Guernsey is well placed to meet evolving international biodiversity obligations, according to the Environment & Infrastructure President.
Deputy Lindsay de Sausmarez welcomed the recent news from COP15 “as it demonstrates the importance placed by the 196 parties to the Convention of Biological Diversity on halting the loss of biodiversity globally”.
The international summit agreed to protect 30% of nature and the oceans by 2030, dedicating tens of billions of dollars to do so.
She said that while that Convention has not yet been extended locally “work is currently taking place” since there is an extant States resolution from seven years ago to do so.
Guernsey already has a strategy for biodiversity – the Strategy for Nature – which was designed in 2020 to meet international obligations of the time but also allows flexibility to meet changing priorities and directives in future.
That Strategy helps to guide planning applications under the Island Development Plan so that biodiversity protections or improvements are considered. Larger developments, such as Leale’s Yard, are required to submit Environment Impact Assessments so clear mitigations to construction are laid out.
“Any development has the potential to impact biodiversity, which is why the Development & Planning Authority has recently published guidance to help islanders take a nature positive approach when designing their projects,” added Deputy de Sausmarez.
You can read more about that guidance HERE.
Pictured: Local groups praised the resolutions of COP15 but feared some projects are failing to ensure biodiversity net gain.
Jim Robinson, Director of the Natural Environment, said that “climate change and biodiversity crises are intrinsically linked.
“The biggest threat globally to biodiversity is the changes occurring to the climate which are happening too fast for habitats and species to adapt. There are numerous examples of this such as warming seas leading to the loss of large coral reefs, melting ice caps leading to the loss of hunting grounds for polar bear and wildfires impacting the availability of habitats.
“Whilst some species can adapt or migrate, others such as specialised Alpine plants, will simply become extinct. On the flip side of the coin, the environment, if supported, can help to reduce the impacts of climate change. Habitats such as woodland or seagrass have the ability to capture carbon from the atmosphere.
“Water catchments in the UK are being managed to absorb more rain to reduce the impacts of flooding downstream. Appropriate vegetation helps to mitigate against landslips and green spaces in built up areas help to regulate temperatures. These nature-based solutions both help mitigate the impacts of climate change whilst being beneficial for biodiversity.”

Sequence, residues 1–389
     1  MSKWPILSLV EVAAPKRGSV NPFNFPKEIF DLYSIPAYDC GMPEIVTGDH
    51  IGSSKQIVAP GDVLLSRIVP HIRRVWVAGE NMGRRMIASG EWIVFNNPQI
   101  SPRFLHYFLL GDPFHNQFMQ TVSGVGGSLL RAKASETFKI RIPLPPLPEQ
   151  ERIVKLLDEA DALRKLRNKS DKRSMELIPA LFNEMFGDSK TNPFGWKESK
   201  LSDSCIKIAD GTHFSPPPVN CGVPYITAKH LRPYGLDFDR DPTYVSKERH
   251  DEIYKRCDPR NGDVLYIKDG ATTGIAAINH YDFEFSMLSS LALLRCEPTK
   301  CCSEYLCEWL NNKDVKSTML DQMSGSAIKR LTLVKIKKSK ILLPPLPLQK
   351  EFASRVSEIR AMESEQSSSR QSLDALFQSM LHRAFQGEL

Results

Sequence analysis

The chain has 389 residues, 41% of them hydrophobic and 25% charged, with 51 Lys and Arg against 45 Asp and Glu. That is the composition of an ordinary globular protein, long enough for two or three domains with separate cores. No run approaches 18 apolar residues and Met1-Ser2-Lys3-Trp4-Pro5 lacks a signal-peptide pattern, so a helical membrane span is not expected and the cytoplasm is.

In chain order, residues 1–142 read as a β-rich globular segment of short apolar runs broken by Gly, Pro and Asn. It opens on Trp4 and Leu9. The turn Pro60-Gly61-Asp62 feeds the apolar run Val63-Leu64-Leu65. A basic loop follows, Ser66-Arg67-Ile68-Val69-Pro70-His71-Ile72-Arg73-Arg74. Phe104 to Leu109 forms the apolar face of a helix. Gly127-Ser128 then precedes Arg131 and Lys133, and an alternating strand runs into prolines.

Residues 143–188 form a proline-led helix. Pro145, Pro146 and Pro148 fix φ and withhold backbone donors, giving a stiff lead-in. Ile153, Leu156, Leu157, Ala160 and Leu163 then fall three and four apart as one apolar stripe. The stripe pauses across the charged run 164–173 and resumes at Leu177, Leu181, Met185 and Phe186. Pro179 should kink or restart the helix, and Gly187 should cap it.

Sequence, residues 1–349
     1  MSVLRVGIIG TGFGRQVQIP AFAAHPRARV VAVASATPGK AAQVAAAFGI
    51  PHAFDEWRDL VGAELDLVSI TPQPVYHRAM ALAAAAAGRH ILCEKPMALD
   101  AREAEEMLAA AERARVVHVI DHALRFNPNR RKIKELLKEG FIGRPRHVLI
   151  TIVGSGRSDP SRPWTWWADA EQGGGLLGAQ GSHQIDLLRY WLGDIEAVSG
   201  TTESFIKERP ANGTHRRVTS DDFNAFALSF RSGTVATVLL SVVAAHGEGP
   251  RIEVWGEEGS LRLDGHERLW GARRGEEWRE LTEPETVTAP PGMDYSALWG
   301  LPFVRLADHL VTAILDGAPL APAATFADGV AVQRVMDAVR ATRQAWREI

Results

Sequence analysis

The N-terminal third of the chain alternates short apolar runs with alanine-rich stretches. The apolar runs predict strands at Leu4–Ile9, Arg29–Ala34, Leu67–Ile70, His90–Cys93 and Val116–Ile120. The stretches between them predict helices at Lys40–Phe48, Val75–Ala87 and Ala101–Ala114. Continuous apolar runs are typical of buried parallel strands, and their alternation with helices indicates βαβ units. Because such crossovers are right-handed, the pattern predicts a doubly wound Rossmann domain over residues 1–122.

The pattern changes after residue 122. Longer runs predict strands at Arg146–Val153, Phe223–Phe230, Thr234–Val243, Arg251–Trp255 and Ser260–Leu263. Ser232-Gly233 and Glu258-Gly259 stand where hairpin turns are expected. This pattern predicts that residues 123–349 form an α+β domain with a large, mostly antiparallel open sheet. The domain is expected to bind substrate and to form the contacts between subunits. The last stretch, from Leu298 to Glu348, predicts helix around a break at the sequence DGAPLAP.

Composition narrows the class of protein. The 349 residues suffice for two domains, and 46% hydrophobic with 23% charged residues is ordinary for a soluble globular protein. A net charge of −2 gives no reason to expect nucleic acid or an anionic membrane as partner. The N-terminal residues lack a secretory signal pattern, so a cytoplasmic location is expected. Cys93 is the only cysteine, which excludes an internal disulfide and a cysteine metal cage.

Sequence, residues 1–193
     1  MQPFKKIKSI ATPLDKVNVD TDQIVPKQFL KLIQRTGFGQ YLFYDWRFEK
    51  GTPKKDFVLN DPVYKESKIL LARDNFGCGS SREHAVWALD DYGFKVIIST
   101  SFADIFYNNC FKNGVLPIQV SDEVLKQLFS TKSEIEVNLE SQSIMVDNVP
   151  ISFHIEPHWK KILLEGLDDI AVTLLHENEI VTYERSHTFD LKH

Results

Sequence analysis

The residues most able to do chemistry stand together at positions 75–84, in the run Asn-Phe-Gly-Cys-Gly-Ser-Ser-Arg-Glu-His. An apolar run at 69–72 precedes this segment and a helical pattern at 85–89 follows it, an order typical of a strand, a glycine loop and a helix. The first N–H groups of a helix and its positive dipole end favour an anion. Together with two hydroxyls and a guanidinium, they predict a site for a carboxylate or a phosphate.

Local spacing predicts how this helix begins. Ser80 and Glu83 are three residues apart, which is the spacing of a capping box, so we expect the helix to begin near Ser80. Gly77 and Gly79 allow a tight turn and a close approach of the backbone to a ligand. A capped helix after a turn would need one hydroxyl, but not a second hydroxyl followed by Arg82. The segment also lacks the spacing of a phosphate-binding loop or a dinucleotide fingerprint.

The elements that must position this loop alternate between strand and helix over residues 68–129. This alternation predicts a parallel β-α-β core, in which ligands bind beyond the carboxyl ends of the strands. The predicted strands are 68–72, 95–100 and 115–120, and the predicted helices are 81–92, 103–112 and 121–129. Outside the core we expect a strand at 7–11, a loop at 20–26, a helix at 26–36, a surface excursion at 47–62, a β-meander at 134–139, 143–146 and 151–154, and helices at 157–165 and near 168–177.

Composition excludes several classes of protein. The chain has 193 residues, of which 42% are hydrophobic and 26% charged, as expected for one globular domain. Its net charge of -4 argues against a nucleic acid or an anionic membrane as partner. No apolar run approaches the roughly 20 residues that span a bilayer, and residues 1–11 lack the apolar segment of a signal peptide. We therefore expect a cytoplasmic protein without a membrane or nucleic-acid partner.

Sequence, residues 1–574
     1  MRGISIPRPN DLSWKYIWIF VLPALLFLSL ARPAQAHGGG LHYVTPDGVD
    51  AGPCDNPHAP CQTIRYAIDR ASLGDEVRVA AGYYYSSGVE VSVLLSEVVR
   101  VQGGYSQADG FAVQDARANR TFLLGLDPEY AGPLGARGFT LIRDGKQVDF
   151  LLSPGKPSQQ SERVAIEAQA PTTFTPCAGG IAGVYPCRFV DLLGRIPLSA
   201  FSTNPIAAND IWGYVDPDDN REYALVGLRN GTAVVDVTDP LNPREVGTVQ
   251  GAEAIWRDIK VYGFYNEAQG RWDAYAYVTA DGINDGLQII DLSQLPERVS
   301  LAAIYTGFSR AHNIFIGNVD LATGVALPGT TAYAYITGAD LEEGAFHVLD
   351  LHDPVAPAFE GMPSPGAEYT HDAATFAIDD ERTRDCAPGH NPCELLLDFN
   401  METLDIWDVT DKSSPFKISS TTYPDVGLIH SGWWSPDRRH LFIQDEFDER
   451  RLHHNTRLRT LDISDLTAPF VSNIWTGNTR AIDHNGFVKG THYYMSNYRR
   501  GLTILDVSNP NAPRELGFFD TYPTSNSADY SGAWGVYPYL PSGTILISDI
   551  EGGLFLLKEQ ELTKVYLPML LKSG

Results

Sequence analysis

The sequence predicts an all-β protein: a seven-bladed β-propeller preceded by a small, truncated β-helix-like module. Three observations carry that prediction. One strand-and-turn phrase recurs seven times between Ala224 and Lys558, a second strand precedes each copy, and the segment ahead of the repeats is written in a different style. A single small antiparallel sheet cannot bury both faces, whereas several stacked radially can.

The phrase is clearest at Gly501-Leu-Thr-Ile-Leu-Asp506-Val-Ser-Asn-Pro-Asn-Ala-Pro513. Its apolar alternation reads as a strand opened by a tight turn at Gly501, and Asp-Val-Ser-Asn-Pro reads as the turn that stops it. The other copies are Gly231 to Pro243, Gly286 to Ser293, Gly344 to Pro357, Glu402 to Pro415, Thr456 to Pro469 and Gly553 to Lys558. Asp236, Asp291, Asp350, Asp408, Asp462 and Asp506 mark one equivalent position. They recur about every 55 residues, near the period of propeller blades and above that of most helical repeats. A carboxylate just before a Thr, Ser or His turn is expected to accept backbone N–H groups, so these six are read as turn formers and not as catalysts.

The local strategy also grants funds annually to several organisations and initiatives which seek to “maintain, enhance and restore ecosystems”.
Mr Robinson reiterated that biodiversity rich sites are identified across the island within planning laws, and that “charities such as La Société Guernesiaise and the National Trust manage reserves around the island for the benefit of biodiversity”.
Pictured: The IDP protects certain areas from development or change of use.
The GFSC sent its Director General to COP15 in mid-December to speak on a panel about business investing for climate objectives.
William Mason said that “private investment is desperately required to supplement insufficient public funds. The key to progress is to develop and fund nature positive projects which offer a genuine financial return”.
His attendance at the panel came shortly after the Commission launched its Natural Capital Fund framework, as part of Guernsey’s Sustainable Funds Regime.
Its intention is to provide environmentally conscious investors with assurance that their capital is deployed in efforts to promote the protection and recovery of the Earth's natural environment.
The Natural Capital Fund framework complements the Bailiwick’s existing regulated Guernsey Green Fund regime, which now channels more than £5.3 billion into green investments. Together the regimes provide the Bailiwick with a suite of sustainability designations based on international environmental standards.
Strategy for Nature projects selected
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